I was rummaging through her things. I pulled a box down, but haven’t gone through the pictures yet. It seems like another invasion of privacy on my part. This family, at least Jeremy, has entrusted me to finish this series, and I keep getting sidetracked by my obsession with Verity.

In this excerpt, Lowen explicitly admits to being obsessed with Verity as she roots through her possessions, searching for pictures of the family together. Despite recognizing the invasion of privacy, Lowen uses the responsibility she’s been entrusted with to search through Verity’s things for the clues she’s desperate to find. She cannot help but be sidetracked by an overpowering obsession with uncovering more about Verity. This obsession consumes Lowen’s actions and her decision-making from the time she arrives at the Vermont house. She is only supposed to be using the materials in the office to continue Verity’s series of novels. Instead, she begins to conduct intense, thorough research into Verity’s double life.  

He was the only thing stopping me from going through with it. I knew a life without Jeremy was not a life I wanted to live. I had two options: Live with him and the two girls he loved more than me. Live without him. [...] I wasn’t a part of them; I was just an outsider looking in.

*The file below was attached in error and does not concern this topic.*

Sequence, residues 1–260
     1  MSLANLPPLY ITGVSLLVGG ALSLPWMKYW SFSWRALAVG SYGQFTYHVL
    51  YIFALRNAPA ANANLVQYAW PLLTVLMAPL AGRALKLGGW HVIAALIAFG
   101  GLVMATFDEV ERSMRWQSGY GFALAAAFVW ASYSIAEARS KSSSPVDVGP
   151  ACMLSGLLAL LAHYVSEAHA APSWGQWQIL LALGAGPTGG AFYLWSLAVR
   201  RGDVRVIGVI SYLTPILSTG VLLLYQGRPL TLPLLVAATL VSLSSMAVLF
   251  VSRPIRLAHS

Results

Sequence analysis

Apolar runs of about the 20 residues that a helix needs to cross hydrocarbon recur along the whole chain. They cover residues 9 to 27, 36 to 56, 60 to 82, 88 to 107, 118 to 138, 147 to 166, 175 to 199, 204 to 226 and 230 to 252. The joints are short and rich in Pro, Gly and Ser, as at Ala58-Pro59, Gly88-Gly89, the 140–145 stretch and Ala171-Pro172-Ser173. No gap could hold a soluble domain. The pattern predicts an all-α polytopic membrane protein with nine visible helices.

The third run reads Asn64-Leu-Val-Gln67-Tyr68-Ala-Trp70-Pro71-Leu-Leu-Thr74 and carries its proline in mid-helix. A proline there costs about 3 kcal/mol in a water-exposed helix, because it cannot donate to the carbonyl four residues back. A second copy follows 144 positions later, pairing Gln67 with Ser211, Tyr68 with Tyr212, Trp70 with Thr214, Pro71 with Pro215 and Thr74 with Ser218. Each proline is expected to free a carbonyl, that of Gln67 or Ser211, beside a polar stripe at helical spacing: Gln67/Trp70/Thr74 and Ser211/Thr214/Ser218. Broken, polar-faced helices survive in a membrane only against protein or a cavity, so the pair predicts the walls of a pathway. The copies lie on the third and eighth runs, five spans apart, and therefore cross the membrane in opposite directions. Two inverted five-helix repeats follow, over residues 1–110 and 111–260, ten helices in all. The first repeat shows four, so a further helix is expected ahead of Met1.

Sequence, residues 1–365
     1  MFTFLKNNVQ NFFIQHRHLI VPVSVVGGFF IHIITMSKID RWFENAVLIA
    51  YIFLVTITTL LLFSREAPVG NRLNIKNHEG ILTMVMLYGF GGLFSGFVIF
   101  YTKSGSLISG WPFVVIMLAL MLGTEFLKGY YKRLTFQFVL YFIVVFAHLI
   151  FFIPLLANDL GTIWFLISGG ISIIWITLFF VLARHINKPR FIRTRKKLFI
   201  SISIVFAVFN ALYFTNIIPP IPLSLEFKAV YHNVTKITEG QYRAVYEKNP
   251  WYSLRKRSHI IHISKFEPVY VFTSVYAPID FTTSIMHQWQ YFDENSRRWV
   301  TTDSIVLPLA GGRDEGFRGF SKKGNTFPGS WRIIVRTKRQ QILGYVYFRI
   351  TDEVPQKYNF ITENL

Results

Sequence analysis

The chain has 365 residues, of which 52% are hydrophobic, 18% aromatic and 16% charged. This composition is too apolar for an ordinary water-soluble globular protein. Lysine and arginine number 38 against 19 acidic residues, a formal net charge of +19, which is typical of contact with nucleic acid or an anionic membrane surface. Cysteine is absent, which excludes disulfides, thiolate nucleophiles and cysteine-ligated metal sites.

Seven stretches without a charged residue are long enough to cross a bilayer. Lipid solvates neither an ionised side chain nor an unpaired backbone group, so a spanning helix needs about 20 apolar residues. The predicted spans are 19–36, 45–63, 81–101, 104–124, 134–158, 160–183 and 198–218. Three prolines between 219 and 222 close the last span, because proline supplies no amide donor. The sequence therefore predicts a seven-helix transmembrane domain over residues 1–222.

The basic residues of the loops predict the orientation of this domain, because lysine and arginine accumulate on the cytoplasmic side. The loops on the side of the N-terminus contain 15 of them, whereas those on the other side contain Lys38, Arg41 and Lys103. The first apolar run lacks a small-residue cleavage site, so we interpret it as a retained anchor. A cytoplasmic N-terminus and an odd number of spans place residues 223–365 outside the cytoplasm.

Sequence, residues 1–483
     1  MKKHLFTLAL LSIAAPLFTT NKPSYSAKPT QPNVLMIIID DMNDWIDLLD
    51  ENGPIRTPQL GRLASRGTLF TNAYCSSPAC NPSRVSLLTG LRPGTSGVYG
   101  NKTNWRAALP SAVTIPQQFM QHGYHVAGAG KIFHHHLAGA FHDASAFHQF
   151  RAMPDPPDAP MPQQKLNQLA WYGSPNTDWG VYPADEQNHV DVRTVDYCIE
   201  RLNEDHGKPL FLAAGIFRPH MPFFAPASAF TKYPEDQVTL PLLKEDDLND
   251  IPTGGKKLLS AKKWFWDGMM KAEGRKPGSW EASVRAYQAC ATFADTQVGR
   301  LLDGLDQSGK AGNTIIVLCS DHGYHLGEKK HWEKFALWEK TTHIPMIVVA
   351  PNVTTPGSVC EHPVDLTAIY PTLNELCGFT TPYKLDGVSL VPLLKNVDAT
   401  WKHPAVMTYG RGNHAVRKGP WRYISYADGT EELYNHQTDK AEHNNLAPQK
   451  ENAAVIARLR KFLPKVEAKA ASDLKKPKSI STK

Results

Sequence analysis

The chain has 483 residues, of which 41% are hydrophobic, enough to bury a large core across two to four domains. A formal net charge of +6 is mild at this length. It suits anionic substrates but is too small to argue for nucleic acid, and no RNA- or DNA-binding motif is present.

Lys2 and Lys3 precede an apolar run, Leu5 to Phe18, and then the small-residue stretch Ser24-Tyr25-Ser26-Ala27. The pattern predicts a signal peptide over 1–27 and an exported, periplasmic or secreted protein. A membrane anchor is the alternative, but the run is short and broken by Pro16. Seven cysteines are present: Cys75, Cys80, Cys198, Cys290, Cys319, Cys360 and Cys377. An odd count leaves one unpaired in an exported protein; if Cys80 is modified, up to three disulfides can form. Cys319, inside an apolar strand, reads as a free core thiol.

This quotation follows an admission by Verity that she is miserable as a mother, and that if it were up to her, she would never have continued with her pregnancy. She would leave, she says, but she can’t bear the thought of life without Jeremy. She understands that he and her daughters are now a package deal, and feels an immense dependency on him. All of Verity’s worst fears have come true as of this moment. She had been terrified that the girls would replace her in Jeremy’s heart, and this seems to be the case. This reliance illustrates her unhealthy obsession with him, and her need to offload responsibility for her misery elsewhere. 

“Is your love for them more intense than your love for me?” His eyes scanned mine, and I was hoping he would laugh and say, “Absolutely not.” But he didn’t laugh. He looked at me with nothing but honesty and said, “Yes.” Really? His reply crushed me. Suffocated me. Killed me.

In this quote, Verity is interrogating Jeremy about his feelings for their unborn daughters. She is utterly consumed by a need for affirmation from Jeremy, and lives to be the only recipient of her husband’s love and affection. Her question is loaded desperate need for reassurance, which Jeremy cannot give her. When his honest response confirms her suspicions, Verity is overwhelmed with betrayal. The hyperbole in this passage emphasizes the overblown nature of her response. She’s not just saddened by this normal parental response, but "crushed," "suffocated," and "killed" by her husband’s honesty. Even though he’s talking about children she is carrying in her womb, Verity is inexorably shaken by Jeremy admitting this preference.